Gove: Covid rules to be constantly reviewed after 'challenging' Omicron information

10 December 2021, 18:08 | Updated: 10 December 2021, 23:20

Michael Gove said Omicron was "deeply concerning"
Michael Gove said Omicron was "deeply concerning". Picture: Alamy

By Daisy Stephens

Communities secretary Michael Gove has said Covid measures are being kept under constant review after ministers were presented with "challenging" information about the Omicron variant at a COBRA meeting on Friday.

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Mr Gove told broadcasters the UK faces a "deeply concerning situation" given the fast rate at which the new strain is spreading across the country.

"The COBRA meeting I've just chaired with first ministers of all the devolved administrations was presented with some very challenging new information," said the Cabinet minister.

"We know that we have the highest number of Covid infections across the UK recorded today since January 9.

"We know the Omicron variant is doubling every two to three days in England, and possibly even faster in Scotland.

"We know that 30 per cent of reported cases in London are the Omicron variant and of course we only identified Omicron in this country a fortnight ago."

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He said ministers recognised "the importance of balancing" measures to protect against the virus and the impact such measures have on people's lives, but said: "Action is absolutely required, and as new data comes in, we will consider what action we do require to take in the face of that data."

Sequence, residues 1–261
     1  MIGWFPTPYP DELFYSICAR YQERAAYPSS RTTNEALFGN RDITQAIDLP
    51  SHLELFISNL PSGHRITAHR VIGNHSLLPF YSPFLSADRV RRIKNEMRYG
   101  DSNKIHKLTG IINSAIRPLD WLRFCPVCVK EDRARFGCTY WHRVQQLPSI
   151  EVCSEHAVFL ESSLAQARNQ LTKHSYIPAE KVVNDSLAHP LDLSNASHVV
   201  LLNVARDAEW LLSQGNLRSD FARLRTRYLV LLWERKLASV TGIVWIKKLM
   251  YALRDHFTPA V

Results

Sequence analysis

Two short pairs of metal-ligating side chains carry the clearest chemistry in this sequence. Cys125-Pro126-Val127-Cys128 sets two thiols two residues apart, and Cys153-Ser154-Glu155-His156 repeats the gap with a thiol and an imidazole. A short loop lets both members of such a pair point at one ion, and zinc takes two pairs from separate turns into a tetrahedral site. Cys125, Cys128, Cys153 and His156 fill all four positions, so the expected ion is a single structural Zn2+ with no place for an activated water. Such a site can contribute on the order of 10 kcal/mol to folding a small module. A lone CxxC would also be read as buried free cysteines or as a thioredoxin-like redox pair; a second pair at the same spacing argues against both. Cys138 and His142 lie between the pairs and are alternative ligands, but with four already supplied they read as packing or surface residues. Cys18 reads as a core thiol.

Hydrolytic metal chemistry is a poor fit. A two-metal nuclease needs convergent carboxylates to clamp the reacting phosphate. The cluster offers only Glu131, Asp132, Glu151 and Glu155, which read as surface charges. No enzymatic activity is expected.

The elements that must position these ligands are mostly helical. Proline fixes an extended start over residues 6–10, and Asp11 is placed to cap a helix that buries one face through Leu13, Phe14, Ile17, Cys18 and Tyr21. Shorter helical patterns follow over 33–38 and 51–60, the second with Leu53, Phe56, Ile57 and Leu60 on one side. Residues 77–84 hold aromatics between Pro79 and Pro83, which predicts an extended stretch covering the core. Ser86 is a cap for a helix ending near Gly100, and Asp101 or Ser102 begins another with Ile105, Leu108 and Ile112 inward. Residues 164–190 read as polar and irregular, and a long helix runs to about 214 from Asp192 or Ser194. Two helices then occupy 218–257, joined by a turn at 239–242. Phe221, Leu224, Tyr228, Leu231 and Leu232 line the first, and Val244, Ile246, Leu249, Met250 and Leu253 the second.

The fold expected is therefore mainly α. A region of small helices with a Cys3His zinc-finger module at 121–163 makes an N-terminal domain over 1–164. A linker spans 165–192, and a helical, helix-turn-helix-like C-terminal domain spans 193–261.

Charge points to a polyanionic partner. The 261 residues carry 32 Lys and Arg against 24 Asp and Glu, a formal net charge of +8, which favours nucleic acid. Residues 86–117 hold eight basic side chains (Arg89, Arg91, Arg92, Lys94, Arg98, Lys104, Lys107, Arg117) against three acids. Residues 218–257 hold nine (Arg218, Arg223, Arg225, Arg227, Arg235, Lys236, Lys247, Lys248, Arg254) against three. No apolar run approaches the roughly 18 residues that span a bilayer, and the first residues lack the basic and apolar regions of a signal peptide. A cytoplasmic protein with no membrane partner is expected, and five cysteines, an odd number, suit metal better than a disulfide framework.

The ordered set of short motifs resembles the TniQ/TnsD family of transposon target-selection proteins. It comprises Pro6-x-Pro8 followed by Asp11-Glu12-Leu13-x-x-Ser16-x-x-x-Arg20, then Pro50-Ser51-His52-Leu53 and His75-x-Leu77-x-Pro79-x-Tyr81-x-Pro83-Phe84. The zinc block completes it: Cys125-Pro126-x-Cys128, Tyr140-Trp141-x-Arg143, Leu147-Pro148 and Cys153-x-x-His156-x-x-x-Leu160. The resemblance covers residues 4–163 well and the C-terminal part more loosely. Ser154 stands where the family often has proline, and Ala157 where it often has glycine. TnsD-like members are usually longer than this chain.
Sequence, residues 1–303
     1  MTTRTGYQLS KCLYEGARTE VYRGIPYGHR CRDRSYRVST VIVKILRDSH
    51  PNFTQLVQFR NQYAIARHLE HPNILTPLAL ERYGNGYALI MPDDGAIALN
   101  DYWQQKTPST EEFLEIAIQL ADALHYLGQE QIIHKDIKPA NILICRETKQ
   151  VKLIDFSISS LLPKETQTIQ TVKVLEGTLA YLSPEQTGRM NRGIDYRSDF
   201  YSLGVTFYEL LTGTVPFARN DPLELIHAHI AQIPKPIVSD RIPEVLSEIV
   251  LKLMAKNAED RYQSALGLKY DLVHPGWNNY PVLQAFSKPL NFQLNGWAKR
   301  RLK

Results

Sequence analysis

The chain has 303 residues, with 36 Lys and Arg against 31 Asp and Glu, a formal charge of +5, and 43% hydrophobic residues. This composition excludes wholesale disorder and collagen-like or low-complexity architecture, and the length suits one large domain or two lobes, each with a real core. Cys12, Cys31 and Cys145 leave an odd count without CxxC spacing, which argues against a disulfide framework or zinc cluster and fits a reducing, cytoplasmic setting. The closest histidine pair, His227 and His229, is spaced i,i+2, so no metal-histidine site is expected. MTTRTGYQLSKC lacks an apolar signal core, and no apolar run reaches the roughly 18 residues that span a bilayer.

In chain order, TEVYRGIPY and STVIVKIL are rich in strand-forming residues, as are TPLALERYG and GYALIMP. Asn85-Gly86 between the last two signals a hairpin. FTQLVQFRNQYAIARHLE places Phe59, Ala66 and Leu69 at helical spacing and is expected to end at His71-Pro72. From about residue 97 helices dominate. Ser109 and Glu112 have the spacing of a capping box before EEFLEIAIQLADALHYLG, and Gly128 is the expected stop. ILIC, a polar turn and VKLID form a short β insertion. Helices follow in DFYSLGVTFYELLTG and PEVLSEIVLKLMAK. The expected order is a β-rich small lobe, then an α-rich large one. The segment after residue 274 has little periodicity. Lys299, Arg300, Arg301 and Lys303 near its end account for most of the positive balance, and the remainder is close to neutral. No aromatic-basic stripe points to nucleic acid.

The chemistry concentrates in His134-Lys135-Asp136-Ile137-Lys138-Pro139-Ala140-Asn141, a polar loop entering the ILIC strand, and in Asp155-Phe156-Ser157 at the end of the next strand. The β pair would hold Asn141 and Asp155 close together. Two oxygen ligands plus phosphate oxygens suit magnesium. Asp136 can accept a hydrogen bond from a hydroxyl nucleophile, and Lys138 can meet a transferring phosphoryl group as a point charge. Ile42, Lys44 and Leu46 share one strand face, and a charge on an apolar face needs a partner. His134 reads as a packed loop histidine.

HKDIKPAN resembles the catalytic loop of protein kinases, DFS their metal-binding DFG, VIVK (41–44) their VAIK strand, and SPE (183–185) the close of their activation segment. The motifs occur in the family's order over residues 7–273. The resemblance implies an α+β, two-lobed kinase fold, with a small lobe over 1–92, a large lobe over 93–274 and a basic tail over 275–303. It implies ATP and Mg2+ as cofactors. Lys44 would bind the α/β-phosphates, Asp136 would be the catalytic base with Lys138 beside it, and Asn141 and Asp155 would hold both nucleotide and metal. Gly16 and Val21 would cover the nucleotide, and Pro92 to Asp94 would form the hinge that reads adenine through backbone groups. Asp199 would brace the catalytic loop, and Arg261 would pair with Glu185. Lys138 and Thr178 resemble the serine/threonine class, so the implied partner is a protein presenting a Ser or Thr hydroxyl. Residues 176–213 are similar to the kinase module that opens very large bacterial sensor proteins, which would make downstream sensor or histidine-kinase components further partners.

He added: "We absolutely do need to keep everything under review but I think the approach that we're taking is proportionate."

Mr Gove was speaking after an emergency COBRA meeting with the first ministers of the devolved nations.

On Friday the UK Health Security Agency (UKHSA) said Omicron was projected to become the dominant variant in the UK by the middle of December.

However it also said third jabs - or boosters - were between 70 and 75 per cent effective at preventing symptomatic infection, although two jabs were significantly less effective on this strain than they are for Delta.

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Dr Mary Ramsay, head of immunisation at the UKHSA, said: "These early estimates should be treated with caution but they indicate that a few months after the second jab, there is a greater risk of catching the Omicron variant compared to Delta strain.

"The data suggests this risk is significantly reduced following a booster vaccine, so I urge everyone to take up their booster when eligible.

"We expect the vaccines to show higher protection against the serious complications of Covid-19, so if you haven't yet had your first two doses please book an appointment straight away."

Mr Gove was asked about an expected Tory rebellion when Plan B measures are put to the Commons next week.

In response, the Communities Secretary said he thought MPs would balance considerations into civil liberties alongside the need to address that Omicron is "especially spreading in a way that means even those who are double vaccinated are more likely to succumb to this virus and find themselves ill, infected and potentially in hospital".

"Those facts mean that we do need to take action, and that's why we're bringing forward proposals to the House of Commons on Tuesday," he said.

"And I'm confident that people will examine these proposals seriously, soberly and thoughtfully, and I'm also confident people will conclude that, on balance, it is right to act."